Thursday, July 30, 2015

5 Ways Reading Books Make You a Better Worker

I like to read. I don't read nearly as much as I think I should, but I still manage to crank through a dozen or more books a year. Usually I read fiction, mystery novels or the like, as I find it an equally if not superior entertainment venue to the television. But over the past few years, I've started picking up more and more non-fiction books and, honestly, finding them helpful in growing.

The financial talk show host Dave Ramsey likes to quote Charlie "Tremendous" Jones with this great saying, "You will be the same person in five years as you are today except for the people you meet and the books you read." Think about that for a second. If you don't read books, your mind will not be exposed to anything new or challenging, and you will fail to grow as a human being. You will stagnate. You will stay exactly the same. Is that what you want? Couldn't you do just a little better? I think you can, and that's why I encourage you to read more books. So here's a quick list of reasons to read books and how they can help you at work

Learn New Skills

Books can teach you things that you did not already know, and they often come at a price substantially cheaper than classes or other mechanisms of learning the same thing. Customized two-day courses can often run $1000 or more, even when the entire content of the class can be captured in a 300-page book for $24.99. Books definitely require more discipline in terms of self-pacing and making sure that you are on target with the content, but if you want to learn how something works, chances are that a few books exist to teach you about it.

Discover Different Perspectives

Books can give you a different perspective on problems that you have already faced and dealt with, as well as arm you with tools that can assist you with those same problems or struggles in the future. Often times, books provide a pacing mechanism for you to walk through advice in your own mind and understand it and absorb it better, even if your best friend or spouse previously provided the same advice. Books offer the ability to re-read and re-read passages again and again for understanding, where a conversation might not.

Expose Yourself to Research

Unless you work in a research facility or university, chances are that you don't go seeking out academic research and statistics on a daily basis (maybe you do, but I'll tell you now that you are the exception).  Non-fiction books do require at a minimum some level of research, and they often reference some substantial brainpower, whether the Harvard Business Review or some focused think tank. Regardless, books can affirm or deny facts that you believed to be true, and they often provide data and detailed analysis to back it up. Understanding facts behind your belief structures helps you to explain those ideas to others with an authority and greater detail than just sharing opinions around the water cooler.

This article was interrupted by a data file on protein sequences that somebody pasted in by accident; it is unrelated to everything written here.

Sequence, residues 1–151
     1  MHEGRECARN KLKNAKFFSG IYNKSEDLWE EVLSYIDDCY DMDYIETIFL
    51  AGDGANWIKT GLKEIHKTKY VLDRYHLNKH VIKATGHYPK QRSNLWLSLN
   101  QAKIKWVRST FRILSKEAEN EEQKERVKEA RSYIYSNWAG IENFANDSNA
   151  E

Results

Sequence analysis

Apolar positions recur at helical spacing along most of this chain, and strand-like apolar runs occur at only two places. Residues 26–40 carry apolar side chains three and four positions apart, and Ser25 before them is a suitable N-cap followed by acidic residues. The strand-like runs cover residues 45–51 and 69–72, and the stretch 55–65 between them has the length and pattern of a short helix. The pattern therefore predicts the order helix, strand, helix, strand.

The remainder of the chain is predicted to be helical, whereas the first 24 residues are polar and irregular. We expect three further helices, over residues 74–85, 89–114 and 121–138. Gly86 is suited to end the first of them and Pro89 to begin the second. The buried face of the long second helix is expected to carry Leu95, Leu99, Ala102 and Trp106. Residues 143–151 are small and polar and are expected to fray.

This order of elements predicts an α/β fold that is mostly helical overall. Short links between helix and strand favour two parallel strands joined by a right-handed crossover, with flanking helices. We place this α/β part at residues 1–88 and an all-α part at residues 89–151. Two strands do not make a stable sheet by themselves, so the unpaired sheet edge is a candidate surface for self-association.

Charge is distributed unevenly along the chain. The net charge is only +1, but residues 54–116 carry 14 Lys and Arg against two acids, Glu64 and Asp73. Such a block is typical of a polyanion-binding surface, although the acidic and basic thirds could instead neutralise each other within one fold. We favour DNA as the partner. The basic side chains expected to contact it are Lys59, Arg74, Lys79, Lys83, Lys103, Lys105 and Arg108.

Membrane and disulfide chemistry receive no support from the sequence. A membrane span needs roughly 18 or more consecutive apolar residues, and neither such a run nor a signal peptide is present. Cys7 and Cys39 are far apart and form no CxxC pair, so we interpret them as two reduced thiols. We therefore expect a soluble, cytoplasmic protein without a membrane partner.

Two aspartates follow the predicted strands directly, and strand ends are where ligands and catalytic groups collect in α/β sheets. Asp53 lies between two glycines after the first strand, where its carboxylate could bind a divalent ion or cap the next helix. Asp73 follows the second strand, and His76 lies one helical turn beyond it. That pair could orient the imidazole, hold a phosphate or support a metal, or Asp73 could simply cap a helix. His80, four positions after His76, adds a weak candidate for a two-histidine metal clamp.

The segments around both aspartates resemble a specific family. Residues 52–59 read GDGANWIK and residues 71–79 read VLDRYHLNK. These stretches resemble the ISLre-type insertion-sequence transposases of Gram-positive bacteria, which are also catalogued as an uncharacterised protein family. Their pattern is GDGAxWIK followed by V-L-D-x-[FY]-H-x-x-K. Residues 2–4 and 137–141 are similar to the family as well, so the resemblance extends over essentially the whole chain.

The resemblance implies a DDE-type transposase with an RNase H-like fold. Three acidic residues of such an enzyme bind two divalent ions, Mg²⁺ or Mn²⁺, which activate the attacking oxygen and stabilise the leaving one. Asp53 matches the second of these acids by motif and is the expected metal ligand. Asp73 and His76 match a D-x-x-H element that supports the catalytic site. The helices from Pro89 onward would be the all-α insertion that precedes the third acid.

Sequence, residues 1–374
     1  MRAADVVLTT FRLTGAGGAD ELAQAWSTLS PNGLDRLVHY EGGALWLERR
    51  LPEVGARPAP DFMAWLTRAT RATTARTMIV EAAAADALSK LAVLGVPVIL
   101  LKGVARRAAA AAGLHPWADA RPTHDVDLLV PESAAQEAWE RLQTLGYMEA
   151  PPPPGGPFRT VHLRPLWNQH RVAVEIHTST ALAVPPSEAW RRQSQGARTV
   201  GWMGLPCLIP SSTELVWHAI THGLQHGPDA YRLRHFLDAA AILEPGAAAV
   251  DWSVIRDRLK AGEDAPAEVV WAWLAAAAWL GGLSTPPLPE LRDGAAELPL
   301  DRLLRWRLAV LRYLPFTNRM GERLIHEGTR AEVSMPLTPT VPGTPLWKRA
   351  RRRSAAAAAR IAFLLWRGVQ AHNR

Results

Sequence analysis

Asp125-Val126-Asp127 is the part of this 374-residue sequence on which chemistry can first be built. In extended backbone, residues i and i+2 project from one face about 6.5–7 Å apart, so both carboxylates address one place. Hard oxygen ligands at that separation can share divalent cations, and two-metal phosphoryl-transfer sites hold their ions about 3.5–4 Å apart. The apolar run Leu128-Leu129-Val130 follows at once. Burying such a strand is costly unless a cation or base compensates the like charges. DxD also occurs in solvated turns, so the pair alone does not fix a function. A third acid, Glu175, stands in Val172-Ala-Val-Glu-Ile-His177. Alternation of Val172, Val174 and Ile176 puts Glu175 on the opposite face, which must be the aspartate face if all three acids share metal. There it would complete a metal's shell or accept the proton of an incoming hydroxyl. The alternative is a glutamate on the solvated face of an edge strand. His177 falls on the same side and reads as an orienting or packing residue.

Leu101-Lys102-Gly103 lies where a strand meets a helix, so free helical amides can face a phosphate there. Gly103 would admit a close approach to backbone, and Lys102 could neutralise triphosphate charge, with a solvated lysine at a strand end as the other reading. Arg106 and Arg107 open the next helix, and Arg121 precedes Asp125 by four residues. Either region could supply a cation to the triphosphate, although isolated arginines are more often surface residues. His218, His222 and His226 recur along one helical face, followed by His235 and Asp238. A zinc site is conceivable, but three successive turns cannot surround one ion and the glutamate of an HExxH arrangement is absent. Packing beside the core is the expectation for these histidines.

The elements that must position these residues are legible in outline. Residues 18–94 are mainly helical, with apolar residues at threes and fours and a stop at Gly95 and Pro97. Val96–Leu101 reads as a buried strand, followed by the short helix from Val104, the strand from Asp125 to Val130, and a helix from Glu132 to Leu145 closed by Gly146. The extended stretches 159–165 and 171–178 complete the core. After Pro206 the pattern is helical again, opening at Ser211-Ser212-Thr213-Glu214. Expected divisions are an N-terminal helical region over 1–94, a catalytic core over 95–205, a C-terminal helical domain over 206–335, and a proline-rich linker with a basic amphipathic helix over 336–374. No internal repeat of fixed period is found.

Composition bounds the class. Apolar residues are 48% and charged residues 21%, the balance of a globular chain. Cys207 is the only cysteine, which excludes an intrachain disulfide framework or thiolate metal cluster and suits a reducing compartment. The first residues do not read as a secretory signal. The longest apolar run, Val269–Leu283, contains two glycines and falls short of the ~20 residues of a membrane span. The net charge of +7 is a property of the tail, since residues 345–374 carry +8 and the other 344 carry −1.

Branch Out

Often at work, we sit in a rut. Ruts are easy. Tires fit very well in ruts, and the more they run in them, the deeper grooves they cut, making it harder and harder to turn off the path. The same is true, sadly, of skills. If you do one thing long enough, you will forget many of the other things that you know how to do. The solution? Read more. Books can help you explore different areas that you had previously had limited exposure to. I am, at heart, an IT guy. I enjoy systems development and almost immediate satisfaction to code changes being made on the fly. But still I read books on marketing or finance or personal development, because, at the end of the day, my job will only ever offer me limited exposure to those areas because they are not part of my core duties. Reading will expand your horizon beyond the scope of your job.

Get Better At Things You Thought You Were Good At

Oh, you're an awesome manager, aren't you? Or you already know how to code, right? Not quite.  While you may have the skills to pass a rudimentary skills test, you can always improve. You can always be a little better. Often people work in jobs long enough to become complacent and happy with what they are doing, and it becomes easier to continue along at whatever pace they are working. By reading, though, you can pick a topic you think you already know something about, whether you do or do not, and you can learn more about it. Study what you want to learn and get better. OK?

What else do books prepare you for? What book are you currently reading? I'd love to know.